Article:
NEW YORK: Two black men arrested in Starbucks have reached settlements with the US coffee chain and the city of Philadelphia, which will endow a $200,000 fund to help young entrepreneurs, officials said Wednesday.
Rashon Nelson and Donte Robinson were arrested in Philadelphia on April 12, sparking international outrage, protests at Starbucks outlets and anguished soul-searching about America's lingering problems of racial discrimination.
The mayor's office said Nelson and Robinson had agreed not to sue the city, in exchange for $1 each and the city's agreement to grant $200,000 to a pilot program for public high school students who want to become entrepreneurs.
"I am pleased to have resolved the potential claims against the city in this productive manner," said Philadelphia Mayor Jim Kenney. "I look forward to seeing the fruits of this effort in the coming months and years," he added.
Starbucks also reached agreement with Robinson and Nelson this week, the company announced on Wednesday.
That deal "will include a financial settlement as well as continued listening and dialogue... and specific action and opportunity," it added.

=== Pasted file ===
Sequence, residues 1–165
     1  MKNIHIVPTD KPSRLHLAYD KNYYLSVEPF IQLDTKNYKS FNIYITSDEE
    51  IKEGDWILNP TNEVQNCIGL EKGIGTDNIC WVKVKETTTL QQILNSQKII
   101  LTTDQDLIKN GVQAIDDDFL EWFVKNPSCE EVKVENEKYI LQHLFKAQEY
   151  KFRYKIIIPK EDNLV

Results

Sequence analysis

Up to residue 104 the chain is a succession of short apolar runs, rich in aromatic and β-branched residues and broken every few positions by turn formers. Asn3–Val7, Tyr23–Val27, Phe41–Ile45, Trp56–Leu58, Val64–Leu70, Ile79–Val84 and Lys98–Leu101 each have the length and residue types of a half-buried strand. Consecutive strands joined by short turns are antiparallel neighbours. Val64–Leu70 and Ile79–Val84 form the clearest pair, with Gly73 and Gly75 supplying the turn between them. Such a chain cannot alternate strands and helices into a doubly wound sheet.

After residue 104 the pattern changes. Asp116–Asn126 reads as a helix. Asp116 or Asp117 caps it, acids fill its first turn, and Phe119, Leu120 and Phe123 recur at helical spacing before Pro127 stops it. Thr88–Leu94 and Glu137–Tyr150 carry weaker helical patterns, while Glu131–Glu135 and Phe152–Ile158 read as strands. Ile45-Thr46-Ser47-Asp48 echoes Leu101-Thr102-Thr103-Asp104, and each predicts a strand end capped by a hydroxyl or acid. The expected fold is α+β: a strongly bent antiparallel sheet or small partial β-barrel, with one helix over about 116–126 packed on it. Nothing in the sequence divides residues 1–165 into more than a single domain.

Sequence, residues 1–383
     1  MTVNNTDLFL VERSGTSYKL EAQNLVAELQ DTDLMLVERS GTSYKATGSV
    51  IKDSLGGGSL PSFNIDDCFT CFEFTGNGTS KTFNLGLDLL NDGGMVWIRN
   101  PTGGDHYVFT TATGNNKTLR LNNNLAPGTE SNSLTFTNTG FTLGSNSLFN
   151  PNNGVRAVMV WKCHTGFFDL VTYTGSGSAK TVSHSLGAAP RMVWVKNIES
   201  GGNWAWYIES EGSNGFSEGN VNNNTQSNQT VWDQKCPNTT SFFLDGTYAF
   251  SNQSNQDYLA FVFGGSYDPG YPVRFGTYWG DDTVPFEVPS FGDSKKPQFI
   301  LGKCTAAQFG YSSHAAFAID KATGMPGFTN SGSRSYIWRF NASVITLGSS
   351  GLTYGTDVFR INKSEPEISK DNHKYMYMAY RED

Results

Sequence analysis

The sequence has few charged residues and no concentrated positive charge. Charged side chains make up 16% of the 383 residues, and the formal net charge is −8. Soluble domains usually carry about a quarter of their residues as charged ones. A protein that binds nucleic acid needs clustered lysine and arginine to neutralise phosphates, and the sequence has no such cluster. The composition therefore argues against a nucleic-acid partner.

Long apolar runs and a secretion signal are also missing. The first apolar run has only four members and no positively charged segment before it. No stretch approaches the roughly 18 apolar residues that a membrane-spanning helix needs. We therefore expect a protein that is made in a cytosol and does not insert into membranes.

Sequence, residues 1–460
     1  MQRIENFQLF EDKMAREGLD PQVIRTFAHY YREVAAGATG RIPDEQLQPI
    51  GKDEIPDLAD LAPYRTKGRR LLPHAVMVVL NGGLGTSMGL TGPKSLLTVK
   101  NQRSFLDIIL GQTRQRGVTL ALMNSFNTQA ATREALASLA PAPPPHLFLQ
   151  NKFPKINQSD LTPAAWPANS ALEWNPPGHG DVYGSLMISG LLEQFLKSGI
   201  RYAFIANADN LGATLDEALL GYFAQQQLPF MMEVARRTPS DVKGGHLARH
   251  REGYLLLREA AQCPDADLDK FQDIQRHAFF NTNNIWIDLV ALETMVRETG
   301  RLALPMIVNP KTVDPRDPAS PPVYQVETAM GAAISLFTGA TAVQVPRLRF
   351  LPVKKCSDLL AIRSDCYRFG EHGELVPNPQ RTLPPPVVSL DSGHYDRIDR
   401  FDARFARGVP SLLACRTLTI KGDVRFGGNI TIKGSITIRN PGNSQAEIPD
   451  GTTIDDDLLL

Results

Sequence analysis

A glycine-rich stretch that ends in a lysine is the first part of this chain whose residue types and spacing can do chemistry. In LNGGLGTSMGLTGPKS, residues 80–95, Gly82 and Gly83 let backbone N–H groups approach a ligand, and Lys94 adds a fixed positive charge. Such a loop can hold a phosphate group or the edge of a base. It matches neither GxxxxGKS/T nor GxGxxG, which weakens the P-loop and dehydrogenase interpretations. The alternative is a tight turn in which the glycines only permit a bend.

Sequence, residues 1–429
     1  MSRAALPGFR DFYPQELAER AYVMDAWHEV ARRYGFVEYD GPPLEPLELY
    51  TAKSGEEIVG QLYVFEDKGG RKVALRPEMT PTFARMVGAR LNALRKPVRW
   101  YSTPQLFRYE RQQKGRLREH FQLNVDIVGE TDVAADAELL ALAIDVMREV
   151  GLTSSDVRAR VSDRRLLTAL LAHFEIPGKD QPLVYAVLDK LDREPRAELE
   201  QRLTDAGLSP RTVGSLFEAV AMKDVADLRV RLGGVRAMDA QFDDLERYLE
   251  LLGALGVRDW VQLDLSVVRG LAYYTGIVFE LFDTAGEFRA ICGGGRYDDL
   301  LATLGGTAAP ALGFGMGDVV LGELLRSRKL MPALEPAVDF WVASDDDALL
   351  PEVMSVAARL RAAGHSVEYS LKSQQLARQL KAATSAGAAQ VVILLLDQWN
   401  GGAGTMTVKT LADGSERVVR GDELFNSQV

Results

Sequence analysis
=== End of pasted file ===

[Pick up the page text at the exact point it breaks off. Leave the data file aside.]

Starbucks has sought to repair damage to its image by apologizing and ordering all its stores and corporate offices across the United States to close for an afternoon on May 29 to conduct "racial-bias education."
Philadelphia's police chief Richard Ross, who is himself African American, also publicly apologized, admitting he "failed miserably" with his initial response.
Ross was widely criticized after he initially said his "officers did absolutely nothing wrong" during the arrests which followed a 911 call from a Starbucks worker who said the men were trespassing after refusing to buy anything.
Police said officers "politely" asked Nelson and Robinson to leave before arresting them. They reportedly asked first to use the bathroom, but were told it was only for paying customers.
A video, which went viral after being posted on social media by a customer, showed uniformed police officers questioning and then handcuffing the pair despite their offering no resistance.
The two men's lawyer Lauren Wimmer has told a CBS affiliate in Philadelphia that they had been waiting for a third man to arrive for a business meeting.